Yup -- says so right here. The Maple Ave. location, that is. Elliott's has been there since '84, 37 years after Jerre and Kathleen Elliott turned an old house on Maple into a hardware-etc. institution. Says The News story, the family-owned-and-operated establishment just down the street from Unfair Park HQ (and, apparently, our one-and-only Best Hardware Store winner) doesn't need all 75,000 square feet -- something smaller, maybe a quarter that size.
But Maria Halkias doesn't mention for how much Newt Walker's trying to sell the place. For that, we turn to LoopNet, where it suggests the building "could be used for medical or continued use a retail." And, we discover the asking price is but a low, low ... $8 million? Hey now. Maybe they don't really want to move after all. But if someone's willing to pay that price, why not get while the gettin' is good?
"You gotta ask something," Walker says when reached by Unfair Park. He's kidding, of course. But Walker explains the asking price: "They have no debt, and they don't need to sell." And, for years, they wouldn't: Walker says back when he was assembling the Inland American property behind Elliott's six years ago, which eventually became Crow Residential's Alexan Southwestern, Elliott's wasn't interested in selling.
"There wasn't enough money to buy it," he says. "But times have changed, and there is competition with Lowe's and Home Depot. The pricing point's the same, but people go to Home Depot and Lowe's because it's closer to where they're coming from, unless they're looking for hard-to-find stuff." Speaking of, he swears Elliott's, if and when it moves, won't be hard to find. Matter of fact, he knows of at least one good potential location for the landmark ...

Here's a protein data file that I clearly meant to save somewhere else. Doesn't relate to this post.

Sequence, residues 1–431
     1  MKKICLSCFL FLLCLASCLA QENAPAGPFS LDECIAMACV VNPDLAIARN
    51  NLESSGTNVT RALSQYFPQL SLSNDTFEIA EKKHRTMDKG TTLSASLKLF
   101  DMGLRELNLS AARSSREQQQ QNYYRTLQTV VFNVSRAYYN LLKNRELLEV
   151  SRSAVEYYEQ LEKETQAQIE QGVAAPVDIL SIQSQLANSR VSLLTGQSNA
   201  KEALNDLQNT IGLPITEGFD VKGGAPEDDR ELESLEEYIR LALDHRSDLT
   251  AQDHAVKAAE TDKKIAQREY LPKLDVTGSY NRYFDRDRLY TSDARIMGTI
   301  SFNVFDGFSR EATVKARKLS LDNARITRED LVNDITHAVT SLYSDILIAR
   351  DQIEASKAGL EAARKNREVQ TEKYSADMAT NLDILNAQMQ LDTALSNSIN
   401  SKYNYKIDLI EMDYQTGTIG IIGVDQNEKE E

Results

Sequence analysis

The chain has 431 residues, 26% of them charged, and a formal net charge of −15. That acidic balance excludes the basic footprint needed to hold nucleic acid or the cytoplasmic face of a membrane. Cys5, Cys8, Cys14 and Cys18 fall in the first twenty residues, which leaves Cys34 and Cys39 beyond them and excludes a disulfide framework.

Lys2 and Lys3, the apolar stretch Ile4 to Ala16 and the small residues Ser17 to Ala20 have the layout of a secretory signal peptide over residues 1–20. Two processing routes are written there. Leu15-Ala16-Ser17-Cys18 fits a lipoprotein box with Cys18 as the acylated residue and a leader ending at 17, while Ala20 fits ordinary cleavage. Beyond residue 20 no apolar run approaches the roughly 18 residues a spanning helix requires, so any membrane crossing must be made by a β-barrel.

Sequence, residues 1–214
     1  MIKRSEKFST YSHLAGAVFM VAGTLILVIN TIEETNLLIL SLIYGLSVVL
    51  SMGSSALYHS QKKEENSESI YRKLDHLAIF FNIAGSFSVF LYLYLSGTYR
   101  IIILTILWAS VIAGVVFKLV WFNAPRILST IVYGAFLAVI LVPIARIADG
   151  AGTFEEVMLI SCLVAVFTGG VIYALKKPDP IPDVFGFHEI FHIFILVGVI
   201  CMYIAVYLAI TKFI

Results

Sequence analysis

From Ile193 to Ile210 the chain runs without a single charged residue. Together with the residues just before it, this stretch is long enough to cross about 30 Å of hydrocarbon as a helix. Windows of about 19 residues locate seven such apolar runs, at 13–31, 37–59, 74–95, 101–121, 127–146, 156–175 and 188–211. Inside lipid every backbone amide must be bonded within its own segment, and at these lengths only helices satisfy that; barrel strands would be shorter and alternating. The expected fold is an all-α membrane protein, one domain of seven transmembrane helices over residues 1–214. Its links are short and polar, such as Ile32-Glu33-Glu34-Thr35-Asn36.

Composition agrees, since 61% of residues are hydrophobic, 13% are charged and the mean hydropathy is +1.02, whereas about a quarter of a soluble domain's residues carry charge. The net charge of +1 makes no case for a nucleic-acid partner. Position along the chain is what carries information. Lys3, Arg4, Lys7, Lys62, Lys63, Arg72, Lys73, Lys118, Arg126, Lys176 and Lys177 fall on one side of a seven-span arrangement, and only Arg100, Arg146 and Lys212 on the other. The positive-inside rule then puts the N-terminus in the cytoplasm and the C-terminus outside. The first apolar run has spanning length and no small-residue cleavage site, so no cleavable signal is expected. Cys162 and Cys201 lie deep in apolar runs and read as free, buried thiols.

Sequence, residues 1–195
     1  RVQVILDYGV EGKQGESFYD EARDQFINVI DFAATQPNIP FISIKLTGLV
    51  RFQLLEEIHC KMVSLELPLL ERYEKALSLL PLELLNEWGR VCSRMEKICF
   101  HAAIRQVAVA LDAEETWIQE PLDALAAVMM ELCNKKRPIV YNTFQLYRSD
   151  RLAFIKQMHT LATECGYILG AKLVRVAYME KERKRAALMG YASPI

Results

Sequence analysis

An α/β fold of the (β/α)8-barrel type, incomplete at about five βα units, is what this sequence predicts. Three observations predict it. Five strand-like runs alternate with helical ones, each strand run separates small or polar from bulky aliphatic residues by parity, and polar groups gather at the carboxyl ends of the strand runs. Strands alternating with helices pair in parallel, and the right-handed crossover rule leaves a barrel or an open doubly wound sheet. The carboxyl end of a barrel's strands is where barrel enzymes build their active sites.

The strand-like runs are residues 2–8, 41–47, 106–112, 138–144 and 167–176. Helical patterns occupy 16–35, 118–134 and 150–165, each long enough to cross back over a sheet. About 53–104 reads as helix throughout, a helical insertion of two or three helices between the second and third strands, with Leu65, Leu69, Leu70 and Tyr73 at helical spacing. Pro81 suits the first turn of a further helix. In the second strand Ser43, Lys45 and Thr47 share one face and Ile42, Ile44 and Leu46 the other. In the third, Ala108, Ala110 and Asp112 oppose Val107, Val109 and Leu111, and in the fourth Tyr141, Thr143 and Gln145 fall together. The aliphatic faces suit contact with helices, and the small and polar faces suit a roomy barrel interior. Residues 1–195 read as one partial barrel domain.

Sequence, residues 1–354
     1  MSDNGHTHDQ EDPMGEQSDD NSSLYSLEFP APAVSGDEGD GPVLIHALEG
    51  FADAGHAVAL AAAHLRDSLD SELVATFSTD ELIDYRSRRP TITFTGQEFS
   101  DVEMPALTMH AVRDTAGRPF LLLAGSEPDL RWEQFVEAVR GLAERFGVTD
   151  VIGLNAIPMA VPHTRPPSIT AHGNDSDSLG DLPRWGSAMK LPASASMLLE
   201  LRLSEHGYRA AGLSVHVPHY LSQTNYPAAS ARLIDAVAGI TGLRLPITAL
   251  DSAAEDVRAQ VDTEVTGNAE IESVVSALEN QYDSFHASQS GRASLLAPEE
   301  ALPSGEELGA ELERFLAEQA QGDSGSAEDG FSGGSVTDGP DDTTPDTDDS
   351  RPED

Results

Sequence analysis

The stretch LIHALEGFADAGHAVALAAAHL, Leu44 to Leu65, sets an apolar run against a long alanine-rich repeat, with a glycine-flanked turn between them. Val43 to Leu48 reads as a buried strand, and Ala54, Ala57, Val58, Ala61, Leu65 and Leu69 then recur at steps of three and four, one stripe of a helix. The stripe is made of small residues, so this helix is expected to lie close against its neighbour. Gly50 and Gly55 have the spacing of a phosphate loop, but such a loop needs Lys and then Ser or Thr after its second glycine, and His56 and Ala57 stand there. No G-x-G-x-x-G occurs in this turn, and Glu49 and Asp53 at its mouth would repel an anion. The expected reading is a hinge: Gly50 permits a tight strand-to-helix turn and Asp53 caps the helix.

Walker says the Elliott's site is a "one-of-a-kind" -- the biggest big box in the 214. And it's in one hell of a good spot: Across the street from the new Parkland ("as big as Cowboys Stadium," as Walker likes to put it), not 1,000 feet from a Dallas Area Rapid Transit station and on a piece of property that's got no environmental remediation issues whatsoever. That, combined with enormo ceilings and sprinklers throughout, leads to all kinds of possibilities, says the property's salesman.
We Believe Local Journalism is Critical to the Life of a City
Engaging with our readers is essential to the Observer's mission. Make a financial contribution or sign up for a newsletter, and help us keep telling Dallas's stories with no paywalls.
Support Our Journalism
"Four, five years ago they would have torn it down," Walker says. "Today I think someone will use the building. When you look at the pricing of it, what you're looking at is something around $100 a foot, which means you need $10 net rents. So you look at that, and there are a lot of people who can afford that kind of rent, and it might be an adaptive reuse of the building to some medical component that wants to be near the new $1-billion hospital but not under the umbrella of Parkland.
"When we were hired to sell Forest and Central, I said, 'Who am I going to sell to?' Then we sold 20 acres to Forest Park Medical Center, private physicians doing their own deal. The small CompUSA at Walnut Hill and Central? Docs bought that to convert into private medical. You've gor something the size of the new Cowboys Stadium across the street and a DART. If someone has called me before Elliott's and said, 'I need a big box in the inner-city,' I'd say it doesn't exist."
Walker says looking for a new site is a ways off -- it could take up to two years, he says, to sell Elliott's. A would-be buyer might want to wait till Parkland's new billion-dollar campus is complete before stepping up with the big check.
But he does think "maybe Lower Greenville, in old the Whole Foods location" would be a good spot to think about moving. "Neighbors would love it," he says. But wherever they end up, "I am not concerned about finding them a new home that would serve those who go there. if you're from Dallas, you know where Elliott's is. And you always will."